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Stressful Job Tied to Greater Risk of Heart Rhythm Disorder

People with stressful jobs may be at greater risk for atrial fibrillation, the most common type of heart rhythm disorder, according to a new Swedish study published in the European Journal of Preventive Cardiology.

The findings show that being stressed at work is linked to a 48 percent higher risk of atrial fibrillation, after adjustment for age, sex, and education. Symptoms of atrial fibrillation include palpitations, weakness, fatigue, feeling light headed, dizziness and shortness of breath.

The most stressful jobs are those that are both psychologically demanding and give employees little control over their work situation; for example, assembly line workers, bus drivers, secretaries, and nurses.

“We need people to do these jobs but employers can help by making sure staff have the resources required to complete the assigned tasks. Bosses should schedule breaks and listen to employees’ ideas on how the work itself and the work environment can be improved,” said Dr. Eleonor Fransson, study author and associate professor of epidemiology at Jönköping University, Sweden.

Atrial fibrillation causes 20-30 percent of all strokes and increases the risk of premature death. One in four middle-aged adults in Europe and the U.S. will develop atrial fibrillation.

“Atrial fibrillation is a common condition with serious consequences and therefore it is of major public health importance to find ways of preventing it. Little is known about risk factors for the disease and especially the role of the work environment,” said Fransson.

For the study, the researchers investigated the link between work stress and atrial fibrillation. The data involved 13,200 participants enrolled into the Swedish Longitudinal Occupational Survey of Health (SLOSH) in 2006, 2008, or 2010.

Participants were employed and had no history of atrial fibrillation, heart attack, or heart failure. At study inclusion, participants completed postal surveys on sociodemographics, lifestyle, health and work-related factors.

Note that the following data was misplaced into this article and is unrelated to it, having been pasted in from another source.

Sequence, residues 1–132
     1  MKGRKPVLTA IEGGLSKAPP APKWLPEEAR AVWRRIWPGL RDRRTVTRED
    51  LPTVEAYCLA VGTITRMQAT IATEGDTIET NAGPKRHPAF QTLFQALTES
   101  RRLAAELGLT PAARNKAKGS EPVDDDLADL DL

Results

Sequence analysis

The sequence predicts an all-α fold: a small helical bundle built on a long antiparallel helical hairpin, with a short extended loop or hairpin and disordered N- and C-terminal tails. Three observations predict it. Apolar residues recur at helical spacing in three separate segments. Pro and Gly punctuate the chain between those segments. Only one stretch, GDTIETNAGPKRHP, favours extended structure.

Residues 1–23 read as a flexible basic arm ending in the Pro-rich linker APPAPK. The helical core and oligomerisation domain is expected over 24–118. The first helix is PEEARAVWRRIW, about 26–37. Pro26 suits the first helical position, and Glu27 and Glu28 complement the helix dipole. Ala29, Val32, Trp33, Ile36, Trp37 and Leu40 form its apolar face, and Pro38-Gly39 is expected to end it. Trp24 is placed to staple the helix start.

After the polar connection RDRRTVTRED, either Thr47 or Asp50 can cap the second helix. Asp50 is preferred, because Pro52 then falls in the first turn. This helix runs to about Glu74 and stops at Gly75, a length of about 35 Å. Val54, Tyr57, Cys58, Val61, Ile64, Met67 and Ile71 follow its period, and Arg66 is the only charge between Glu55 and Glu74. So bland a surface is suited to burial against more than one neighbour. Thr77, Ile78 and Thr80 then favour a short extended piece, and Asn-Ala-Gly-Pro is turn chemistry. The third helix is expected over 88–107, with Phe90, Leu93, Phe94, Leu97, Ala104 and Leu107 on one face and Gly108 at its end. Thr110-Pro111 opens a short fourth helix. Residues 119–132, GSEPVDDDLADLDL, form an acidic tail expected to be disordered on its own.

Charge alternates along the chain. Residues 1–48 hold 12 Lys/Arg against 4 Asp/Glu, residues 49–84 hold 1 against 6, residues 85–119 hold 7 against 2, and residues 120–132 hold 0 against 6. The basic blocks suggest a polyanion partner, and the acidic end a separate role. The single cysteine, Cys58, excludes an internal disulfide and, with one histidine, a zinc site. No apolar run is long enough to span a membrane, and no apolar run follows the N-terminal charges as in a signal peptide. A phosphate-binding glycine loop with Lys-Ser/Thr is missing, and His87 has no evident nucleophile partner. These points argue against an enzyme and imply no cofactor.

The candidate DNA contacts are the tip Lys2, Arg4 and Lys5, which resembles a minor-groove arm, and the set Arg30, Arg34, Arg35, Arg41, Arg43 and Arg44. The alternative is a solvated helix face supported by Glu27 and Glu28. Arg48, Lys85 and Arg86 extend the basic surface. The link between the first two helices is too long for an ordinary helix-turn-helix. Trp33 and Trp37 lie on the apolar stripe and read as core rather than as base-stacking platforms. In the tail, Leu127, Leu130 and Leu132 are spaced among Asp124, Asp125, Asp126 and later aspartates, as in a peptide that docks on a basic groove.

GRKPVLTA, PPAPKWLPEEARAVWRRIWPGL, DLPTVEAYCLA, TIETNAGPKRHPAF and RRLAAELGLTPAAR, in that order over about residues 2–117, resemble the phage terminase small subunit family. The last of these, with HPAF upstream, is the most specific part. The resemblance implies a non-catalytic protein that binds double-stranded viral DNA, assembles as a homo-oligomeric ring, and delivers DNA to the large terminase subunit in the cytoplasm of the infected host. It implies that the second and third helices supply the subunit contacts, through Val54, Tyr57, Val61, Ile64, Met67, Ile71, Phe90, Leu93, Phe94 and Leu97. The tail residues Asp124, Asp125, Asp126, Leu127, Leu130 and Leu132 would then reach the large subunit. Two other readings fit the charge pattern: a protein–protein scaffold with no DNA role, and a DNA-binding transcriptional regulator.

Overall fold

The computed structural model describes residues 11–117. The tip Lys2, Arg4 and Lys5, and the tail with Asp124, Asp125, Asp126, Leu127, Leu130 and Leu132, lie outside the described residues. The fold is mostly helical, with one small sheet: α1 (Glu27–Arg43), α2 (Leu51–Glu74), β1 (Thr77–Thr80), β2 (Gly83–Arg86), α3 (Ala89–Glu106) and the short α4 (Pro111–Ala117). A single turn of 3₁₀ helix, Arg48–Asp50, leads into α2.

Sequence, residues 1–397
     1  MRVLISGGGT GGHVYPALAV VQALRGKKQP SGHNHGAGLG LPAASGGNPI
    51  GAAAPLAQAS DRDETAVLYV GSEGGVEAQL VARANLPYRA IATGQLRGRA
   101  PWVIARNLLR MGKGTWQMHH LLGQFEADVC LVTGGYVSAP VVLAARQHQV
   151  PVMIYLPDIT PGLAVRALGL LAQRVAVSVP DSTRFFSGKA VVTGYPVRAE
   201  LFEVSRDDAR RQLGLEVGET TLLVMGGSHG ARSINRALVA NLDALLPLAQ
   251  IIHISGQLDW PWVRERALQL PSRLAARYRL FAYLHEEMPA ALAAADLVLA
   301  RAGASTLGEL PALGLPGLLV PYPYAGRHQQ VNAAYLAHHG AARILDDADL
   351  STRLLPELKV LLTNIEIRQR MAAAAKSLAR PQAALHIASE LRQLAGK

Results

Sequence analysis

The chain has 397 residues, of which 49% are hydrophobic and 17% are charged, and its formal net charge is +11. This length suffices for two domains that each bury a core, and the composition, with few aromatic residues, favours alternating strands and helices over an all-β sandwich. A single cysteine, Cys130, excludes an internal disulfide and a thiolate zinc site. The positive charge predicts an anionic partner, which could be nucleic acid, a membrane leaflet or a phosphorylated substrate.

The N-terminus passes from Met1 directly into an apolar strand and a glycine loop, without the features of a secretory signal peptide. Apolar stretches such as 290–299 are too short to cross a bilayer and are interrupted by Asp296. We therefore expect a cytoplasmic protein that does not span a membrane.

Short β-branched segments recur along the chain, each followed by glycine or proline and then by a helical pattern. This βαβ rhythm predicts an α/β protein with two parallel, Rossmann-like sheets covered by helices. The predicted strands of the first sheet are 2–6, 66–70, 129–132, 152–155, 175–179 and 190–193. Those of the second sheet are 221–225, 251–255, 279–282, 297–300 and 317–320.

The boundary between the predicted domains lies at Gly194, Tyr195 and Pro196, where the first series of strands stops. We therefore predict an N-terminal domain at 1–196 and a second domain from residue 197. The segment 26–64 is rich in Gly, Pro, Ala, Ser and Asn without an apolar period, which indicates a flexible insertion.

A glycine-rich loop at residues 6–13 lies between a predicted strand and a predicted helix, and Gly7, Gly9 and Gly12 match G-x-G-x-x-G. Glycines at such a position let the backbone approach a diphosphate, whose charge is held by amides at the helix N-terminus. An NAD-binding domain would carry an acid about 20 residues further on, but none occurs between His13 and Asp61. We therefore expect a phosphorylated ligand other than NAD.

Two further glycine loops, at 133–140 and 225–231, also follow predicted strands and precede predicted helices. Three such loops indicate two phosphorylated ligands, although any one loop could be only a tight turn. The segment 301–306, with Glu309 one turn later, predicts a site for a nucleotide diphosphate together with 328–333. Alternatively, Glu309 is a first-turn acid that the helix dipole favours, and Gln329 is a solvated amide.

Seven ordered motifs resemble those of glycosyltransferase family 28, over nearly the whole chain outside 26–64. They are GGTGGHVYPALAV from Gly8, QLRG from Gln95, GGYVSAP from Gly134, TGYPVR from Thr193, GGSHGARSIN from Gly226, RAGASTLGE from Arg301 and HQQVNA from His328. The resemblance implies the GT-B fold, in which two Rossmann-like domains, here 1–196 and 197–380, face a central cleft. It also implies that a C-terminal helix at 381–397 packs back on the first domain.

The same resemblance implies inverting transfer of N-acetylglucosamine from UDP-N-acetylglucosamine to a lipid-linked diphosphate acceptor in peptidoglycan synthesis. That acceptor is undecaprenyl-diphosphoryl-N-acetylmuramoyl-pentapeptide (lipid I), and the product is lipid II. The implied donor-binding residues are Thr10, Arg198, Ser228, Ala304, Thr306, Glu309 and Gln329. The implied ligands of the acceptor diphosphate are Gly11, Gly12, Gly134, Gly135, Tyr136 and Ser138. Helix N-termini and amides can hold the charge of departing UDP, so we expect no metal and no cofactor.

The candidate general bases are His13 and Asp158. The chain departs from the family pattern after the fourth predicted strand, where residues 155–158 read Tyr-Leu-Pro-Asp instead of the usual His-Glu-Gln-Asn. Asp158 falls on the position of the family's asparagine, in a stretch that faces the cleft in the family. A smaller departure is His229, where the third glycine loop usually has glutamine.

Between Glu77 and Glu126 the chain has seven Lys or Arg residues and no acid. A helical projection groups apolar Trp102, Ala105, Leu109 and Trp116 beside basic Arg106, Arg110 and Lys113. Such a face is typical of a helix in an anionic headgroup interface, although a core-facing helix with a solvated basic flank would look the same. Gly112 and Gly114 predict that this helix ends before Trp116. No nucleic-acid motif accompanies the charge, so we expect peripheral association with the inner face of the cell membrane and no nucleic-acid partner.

Work stress was defined as job strain, which reflects jobs with high psychological demands combined with low control over the work situation.

The survey included five questions on job demands and six on control. For example:

  • Do you have to work very hard or very fast?
  • Are there conflicting demands in your work?
  • Do you have enough time to complete your work tasks?
  • Does your work include a lot of repetition?
  • Can you decide how and what to do at work?

During a median follow-up of 5.7 years, 145 cases of atrial fibrillation were identified from national registers.

“In the general working population in Sweden, employees with stressful jobs were almost 50 percent more likely to develop atrial fibrillation. The estimated risk remained even after we took into account other factors such as smoking, leisure time physical activity, body mass index and hypertension,” said Fransson.

The authors then compared their findings with two other studies on the same topic, and found that job strain was associated with a 37 percent increased risk of atrial fibrillation.

“Across studies there was a consistent pattern of work stress being a risk factor for atrial fibrillation,” said Fransson.

“Work stress has previously been linked with coronary heart disease. Work stress should be considered a modifiable risk factor for preventing atrial fibrillation and coronary heart disease,” she said. “People who feel stressed at work and have palpitations or other symptoms of atrial fibrillation should see their doctor and speak to their employer about improving the situation at work.”

Source: European Society of Cardiology



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